She’s now a 2019 MBA Candidate at Northwestern University’s Kellogg School of Management and is spending her summer in Nairobi interning with Jacaranda Health - a startup focused on improving maternal and newborn health by scaling innovative nurse mentorship and training programmes through public-private partnerships.

While they’re working in different parts of the world, and on different issues, Sahar and Joanna have something in common - they’re both interning at organisations that couldn’t afford (the increasingly competitive) MBA internship rates.

That’s not the only thing they share, either; both are receiving fellowships from Prodigy Finance for their work with these social impact enterprises.

This is a new social impact initiative that we’ve created to be able to help international students pursue their dream internship to create positive change through their work, regardless of funding restrictions for traditionally non-paid or low-paid social impact roles.

And, we’re proud to admit, we’re not the only organisation assisting MBAs to pursue social impact work. 

Some universities have created their own funds to facilitate internships in this sector. The Darden School of Business at the University of Virginia⁴, for example, has developed the Darden Nonprofit Internship Fund. Another example is the Impact Corps consulting internship programme at the University of Michigan’s Ross School of Business⁵.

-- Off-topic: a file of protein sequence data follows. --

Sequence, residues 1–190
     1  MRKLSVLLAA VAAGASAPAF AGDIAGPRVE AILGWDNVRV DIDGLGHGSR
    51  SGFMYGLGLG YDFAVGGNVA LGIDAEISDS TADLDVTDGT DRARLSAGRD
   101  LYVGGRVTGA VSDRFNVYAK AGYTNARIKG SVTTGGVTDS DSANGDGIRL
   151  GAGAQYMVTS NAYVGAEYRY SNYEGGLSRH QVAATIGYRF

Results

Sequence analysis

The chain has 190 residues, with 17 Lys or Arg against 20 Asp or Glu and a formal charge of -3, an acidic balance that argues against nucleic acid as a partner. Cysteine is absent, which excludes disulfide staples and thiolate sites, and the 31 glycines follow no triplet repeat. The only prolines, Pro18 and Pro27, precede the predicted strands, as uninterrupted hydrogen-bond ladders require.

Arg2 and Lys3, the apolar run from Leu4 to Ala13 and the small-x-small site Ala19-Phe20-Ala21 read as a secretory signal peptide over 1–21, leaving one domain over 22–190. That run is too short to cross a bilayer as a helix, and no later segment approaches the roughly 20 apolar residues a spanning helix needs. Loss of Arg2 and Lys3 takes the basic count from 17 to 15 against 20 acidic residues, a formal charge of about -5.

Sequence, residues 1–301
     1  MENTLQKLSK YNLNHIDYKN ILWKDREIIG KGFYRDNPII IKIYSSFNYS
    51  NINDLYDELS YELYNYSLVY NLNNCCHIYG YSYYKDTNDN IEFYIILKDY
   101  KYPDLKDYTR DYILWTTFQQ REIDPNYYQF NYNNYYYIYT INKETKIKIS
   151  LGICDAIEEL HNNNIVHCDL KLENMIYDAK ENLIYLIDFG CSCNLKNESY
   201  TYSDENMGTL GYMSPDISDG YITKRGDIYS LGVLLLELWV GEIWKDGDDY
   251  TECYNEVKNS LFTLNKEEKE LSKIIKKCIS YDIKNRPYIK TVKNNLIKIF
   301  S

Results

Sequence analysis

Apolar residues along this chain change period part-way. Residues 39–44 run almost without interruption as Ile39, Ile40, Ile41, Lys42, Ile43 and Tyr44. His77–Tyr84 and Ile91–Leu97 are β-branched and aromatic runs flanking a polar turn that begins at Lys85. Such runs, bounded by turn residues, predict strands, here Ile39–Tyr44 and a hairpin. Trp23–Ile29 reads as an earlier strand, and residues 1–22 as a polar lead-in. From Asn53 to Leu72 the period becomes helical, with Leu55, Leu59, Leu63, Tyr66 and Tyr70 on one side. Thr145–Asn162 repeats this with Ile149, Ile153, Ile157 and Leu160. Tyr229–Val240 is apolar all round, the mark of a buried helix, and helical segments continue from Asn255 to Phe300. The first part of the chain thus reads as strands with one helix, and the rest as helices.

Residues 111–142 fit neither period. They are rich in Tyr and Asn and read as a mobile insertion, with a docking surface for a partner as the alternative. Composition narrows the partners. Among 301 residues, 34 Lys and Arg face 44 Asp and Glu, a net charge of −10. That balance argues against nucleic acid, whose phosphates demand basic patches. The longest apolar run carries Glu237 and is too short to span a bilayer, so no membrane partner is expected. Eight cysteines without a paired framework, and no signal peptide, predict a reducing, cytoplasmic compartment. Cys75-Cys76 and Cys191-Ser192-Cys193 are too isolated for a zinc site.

The goal of each initiative is to multiple social impact efforts by leveraging the talent and concerns of motivated MBAs without sacrificing their ability to earn a competitive internship salary. It’s one of the reasons we selected another fellow for our inaugural Prodigy Finance Social Impact Fellowship Programme. 

Alonso López Niño de Rivera is a 2019 MBA Candidate at the London School of Business. This summer, he’s collaborating with Peru Champs, an education NGO based in Lima, Peru. His main objective is to achieve operational efficiencies by implementing digital platforms to track performance and improve the relationship with donors. 

He’s excited to work on innovative, yet simple solutions for an NGO that has helped more than 2000 kids access quality education annually.

Alonso López Niño de Rivera Social Impact Fellowship Programme 2018

Alonso López Niño de Rivera

Increasing access to education should sound familiar; it’s at the heart of the Prodigy Finance business model. 

Want to know more about the Prodigy Finance Social Impact Fellowship Programme?

Take a moment to learn more about our 2018 fellows and learn more about our inaugural Social Impact Fellowship Programme.

¹ money.cnn.com/2017/05/02/technology/highest-paying-internships-glassdoor/index.html

² gsb.stanford.edu/programs/mba/financial-aid/cost-attendance

³ statistics.mbacareers.wharton.upenn.edu/internships/